Introduction - Virtual Biodiversity Museum of Cyprus

Go to content

Main menu



Cyprus is the third largest island of the Mediterranean, following Sicily and Sardinia, covering an area of 9251 square Km. It is situated at the north-eastern edge of the Mediterranean basin and has northern latitude 34° 33' to 35° 41' and eastern longitude 32° 17' to 34° 35'. Its greater length (from west to south) is 226 Km and its greater width (from north to south) is 97 Km.

Two mountain ranges cross the island running from west to east; these are the Pentadactylos (northern) and Troodos (southern) mountain ranges, which are separated by the Mesaoria plain.

The Pentadactylos mountain range runs parallel to the northern coastline, separating the mainland from the sea. Its length is approximately 80 km and has an average width of 5 km. It is a ridge, consisted of a series of limestone peaks with altitudes between 700 to 1024 m. Based on geological evidence, it is considered to be the southern part of the Alps, which extends from the Pyrenees Mountains at west, up to the Himalaya at east.

The central and southern part of Cyprus is dominated by the Troodos mountain range, which covers an area of 3200 km2 and contains a number of peaks (which quite often are higher than 1300 m). The mountain range consists exclusively of rocks of the homonymous ophiolithic complex. It is worth pointing out that, Troodos is considered to be the most developed and well-studied ophiolithic complex in the world.

The Mesaoria plain is a fertile, treeless area, which is situated between the two mountain ranges and extends from Morphou Bay in the west, to Famagusta Bay in the east. It covers a distance of approximately 88 km. The largest part of the Mesaoria plain lies at altitudes lower than 150 m. The area remained under the sea even after the elevation of Troodos and Pentadactylos, until the very recent geologic past. This is indicated by the presence of many seashells aged between 10 to 100 thousand years, in the area.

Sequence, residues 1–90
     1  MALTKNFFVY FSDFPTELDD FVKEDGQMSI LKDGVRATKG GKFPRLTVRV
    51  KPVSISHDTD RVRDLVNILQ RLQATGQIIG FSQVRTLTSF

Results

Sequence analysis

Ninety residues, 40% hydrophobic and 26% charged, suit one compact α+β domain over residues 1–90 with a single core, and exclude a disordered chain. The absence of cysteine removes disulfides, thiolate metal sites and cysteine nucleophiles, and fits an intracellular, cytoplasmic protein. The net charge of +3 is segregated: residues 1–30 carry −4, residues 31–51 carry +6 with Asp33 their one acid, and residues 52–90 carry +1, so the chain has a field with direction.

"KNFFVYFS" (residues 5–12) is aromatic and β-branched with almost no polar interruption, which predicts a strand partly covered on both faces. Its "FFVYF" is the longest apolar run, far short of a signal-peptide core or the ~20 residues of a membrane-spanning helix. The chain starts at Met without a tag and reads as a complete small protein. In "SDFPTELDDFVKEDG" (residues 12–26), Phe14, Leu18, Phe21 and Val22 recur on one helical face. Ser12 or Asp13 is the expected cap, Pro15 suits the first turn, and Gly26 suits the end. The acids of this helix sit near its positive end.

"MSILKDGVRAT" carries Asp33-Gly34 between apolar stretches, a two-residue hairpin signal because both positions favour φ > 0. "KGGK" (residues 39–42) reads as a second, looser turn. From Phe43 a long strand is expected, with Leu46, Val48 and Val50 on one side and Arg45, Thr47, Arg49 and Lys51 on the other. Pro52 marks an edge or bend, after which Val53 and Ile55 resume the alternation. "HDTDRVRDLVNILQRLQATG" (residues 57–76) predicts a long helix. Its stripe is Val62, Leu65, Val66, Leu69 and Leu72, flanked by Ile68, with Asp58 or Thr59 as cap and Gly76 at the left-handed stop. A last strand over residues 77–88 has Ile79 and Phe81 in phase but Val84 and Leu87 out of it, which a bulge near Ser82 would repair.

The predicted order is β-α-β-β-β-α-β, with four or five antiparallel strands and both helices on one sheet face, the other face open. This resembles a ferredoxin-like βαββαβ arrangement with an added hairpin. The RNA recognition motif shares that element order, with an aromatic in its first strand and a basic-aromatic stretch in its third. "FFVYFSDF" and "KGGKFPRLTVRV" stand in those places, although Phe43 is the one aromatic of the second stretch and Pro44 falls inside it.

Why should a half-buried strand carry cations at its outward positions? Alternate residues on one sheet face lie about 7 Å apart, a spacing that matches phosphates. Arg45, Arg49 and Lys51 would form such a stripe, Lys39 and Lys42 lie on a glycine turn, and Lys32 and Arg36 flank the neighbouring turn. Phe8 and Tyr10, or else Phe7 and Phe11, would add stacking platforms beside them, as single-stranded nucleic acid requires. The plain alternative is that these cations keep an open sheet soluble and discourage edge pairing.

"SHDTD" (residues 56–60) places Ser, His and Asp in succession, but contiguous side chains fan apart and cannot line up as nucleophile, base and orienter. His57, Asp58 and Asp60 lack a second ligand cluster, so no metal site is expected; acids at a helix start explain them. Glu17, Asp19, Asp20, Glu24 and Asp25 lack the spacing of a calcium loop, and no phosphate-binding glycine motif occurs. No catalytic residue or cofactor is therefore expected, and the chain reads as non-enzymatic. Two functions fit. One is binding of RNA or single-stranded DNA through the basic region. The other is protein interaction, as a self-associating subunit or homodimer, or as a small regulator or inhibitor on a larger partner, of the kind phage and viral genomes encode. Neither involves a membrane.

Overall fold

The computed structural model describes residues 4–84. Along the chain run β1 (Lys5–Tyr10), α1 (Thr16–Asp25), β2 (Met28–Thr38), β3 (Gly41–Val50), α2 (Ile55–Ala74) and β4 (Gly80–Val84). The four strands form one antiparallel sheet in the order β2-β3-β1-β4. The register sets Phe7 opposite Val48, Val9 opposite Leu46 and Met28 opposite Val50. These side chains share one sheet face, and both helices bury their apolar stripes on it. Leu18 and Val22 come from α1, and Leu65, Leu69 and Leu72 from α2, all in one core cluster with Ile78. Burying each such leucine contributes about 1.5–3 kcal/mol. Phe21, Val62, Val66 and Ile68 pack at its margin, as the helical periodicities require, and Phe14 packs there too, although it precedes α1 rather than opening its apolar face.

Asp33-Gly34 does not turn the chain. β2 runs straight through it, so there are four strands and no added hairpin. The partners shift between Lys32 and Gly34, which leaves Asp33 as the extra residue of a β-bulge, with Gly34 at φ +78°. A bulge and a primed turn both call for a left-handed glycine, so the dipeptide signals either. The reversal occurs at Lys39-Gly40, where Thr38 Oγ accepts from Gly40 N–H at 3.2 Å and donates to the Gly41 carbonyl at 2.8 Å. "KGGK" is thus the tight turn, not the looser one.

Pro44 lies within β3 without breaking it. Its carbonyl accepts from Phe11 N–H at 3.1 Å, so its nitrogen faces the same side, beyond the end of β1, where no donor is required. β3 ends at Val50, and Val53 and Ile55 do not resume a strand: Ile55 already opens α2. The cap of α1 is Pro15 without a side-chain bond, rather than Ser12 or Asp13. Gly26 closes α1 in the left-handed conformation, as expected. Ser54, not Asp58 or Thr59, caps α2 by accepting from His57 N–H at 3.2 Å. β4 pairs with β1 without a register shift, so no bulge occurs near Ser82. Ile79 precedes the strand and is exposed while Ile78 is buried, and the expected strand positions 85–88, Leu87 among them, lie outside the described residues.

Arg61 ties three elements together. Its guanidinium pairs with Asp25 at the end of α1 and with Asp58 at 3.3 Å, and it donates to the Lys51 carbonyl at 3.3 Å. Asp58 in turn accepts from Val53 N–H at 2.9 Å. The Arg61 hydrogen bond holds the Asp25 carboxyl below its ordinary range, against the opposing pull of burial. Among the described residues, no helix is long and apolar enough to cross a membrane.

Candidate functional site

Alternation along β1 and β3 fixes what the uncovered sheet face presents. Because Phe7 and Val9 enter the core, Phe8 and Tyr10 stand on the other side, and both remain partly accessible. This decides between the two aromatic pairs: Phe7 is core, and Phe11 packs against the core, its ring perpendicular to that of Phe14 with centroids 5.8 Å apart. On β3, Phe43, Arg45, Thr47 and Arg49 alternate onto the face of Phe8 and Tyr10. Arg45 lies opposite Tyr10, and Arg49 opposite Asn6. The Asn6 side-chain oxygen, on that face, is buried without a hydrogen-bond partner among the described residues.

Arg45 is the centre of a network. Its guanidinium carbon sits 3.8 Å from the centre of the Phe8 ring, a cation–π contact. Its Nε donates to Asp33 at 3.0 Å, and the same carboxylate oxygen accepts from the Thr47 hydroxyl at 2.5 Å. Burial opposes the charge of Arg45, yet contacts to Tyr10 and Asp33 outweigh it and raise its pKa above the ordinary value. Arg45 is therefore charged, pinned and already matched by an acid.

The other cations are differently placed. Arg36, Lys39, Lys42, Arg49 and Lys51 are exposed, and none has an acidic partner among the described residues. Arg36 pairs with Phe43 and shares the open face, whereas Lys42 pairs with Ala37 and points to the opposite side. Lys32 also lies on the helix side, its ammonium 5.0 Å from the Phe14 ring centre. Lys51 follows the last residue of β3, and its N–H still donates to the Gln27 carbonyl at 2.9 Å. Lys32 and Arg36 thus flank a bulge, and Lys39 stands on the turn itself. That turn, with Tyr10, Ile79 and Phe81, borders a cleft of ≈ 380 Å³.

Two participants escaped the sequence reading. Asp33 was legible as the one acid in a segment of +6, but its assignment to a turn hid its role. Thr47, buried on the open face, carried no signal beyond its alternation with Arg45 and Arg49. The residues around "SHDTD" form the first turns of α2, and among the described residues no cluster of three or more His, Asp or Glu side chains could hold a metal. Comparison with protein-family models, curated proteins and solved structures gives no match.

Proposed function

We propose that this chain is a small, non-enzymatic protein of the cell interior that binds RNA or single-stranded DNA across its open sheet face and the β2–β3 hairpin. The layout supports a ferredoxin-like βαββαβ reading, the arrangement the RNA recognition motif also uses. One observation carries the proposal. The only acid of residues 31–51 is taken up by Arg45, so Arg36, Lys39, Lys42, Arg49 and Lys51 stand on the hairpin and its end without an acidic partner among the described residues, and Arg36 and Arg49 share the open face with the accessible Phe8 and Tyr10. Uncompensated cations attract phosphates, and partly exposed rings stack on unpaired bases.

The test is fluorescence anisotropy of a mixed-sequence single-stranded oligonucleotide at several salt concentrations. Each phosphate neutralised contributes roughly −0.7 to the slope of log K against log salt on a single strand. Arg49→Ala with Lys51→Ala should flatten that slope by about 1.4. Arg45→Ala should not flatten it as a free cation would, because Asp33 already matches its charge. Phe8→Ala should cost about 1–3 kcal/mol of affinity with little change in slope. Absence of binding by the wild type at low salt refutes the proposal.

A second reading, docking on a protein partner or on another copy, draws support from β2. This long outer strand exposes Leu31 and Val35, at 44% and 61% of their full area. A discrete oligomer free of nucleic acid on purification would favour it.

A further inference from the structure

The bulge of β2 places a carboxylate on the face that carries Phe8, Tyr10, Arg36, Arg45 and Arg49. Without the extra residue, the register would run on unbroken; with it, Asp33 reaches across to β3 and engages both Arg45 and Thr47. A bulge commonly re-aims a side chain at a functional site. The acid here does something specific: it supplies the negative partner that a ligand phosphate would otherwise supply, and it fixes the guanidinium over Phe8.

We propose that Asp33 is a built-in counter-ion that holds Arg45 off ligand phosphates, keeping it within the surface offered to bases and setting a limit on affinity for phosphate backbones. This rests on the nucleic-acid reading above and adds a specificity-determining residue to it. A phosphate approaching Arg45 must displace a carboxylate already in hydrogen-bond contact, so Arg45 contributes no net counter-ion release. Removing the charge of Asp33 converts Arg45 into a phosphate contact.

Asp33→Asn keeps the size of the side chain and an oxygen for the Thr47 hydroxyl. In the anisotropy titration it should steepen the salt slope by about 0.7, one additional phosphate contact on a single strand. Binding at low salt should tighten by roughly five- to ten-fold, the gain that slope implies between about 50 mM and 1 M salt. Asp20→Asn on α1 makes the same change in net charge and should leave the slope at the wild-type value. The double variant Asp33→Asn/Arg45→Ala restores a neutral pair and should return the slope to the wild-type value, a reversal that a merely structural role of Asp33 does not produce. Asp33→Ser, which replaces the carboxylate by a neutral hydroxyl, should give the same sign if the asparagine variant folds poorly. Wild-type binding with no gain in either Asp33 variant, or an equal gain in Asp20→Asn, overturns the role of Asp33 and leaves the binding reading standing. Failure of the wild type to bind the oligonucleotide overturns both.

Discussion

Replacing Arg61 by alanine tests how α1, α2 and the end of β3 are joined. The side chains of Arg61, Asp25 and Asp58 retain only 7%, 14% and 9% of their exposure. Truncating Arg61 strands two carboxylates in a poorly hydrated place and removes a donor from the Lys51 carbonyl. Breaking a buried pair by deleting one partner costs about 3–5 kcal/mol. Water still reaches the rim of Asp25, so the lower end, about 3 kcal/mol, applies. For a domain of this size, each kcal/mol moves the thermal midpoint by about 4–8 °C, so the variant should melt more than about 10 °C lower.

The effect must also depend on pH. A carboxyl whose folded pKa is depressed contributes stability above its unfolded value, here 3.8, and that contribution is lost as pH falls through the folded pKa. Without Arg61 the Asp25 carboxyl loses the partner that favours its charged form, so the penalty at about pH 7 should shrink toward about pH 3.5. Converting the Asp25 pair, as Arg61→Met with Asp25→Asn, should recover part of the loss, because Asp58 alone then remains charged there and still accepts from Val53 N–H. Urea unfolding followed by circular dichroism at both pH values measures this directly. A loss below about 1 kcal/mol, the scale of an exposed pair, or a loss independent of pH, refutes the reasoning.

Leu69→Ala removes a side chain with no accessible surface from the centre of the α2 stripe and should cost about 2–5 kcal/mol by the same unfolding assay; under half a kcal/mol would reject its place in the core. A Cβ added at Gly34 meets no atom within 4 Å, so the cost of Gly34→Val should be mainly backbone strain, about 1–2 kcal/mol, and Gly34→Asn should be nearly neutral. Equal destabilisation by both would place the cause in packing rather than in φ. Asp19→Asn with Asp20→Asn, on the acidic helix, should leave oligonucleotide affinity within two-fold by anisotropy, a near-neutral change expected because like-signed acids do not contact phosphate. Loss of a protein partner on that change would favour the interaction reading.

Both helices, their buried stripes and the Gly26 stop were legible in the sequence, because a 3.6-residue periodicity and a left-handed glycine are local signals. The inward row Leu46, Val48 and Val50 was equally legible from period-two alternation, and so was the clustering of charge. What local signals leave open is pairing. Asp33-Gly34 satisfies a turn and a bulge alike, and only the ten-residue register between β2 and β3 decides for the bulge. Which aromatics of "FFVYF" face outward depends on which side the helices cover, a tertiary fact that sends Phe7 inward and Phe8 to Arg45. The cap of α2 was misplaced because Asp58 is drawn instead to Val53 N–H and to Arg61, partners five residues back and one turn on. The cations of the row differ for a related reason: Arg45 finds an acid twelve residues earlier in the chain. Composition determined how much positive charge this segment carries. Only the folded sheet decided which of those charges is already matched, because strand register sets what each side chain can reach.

The coastal zone of Cyprus is characterised by a variety of different formations ranging from steep inaccessible cliffs and rocky shorelines to gentle sloping sandy beaches. Many areas of the coastal zone are rocky or stony, while in several other areas there are golden beaches with sand, such as Famagusta and Morphou Bays.

Cyprus climate is generally described as dry Mediterranean and is characterized by relatively short, mild and moist winter, which is followed by a long, hot and dry summer. The average rainfall in the whole island is approximately 480 mm and varies between 300 mm at the central plain to 1100 mm at Troodos
' highest peak. As far as the temperature is concerned, during summer, and especially in July and August, the average daily temperatures vary between 29 °C at the Mesaoria plain and 22 °C at the highest peaks of Troodos. The respective temperatures during the winter (specifically January) are 10 °C and 3 °C. There is snow every year at the highest peaks of Troodos, mainly during the period of December - March.

The varied geomorphology of Cyprus and the intense fluctuations of temperature and rainfall in different areas resulted in the creation of many different habitat types. Moreover, the location of Cyprus in the crossroads of three continents makes the island an important migration route. These factors along with the long history of the island, resulted in the formation of a rich and unique biodiversity, which is compared to the richest areas of Europe, in biodiversity terms.

Back to content | Back to main menu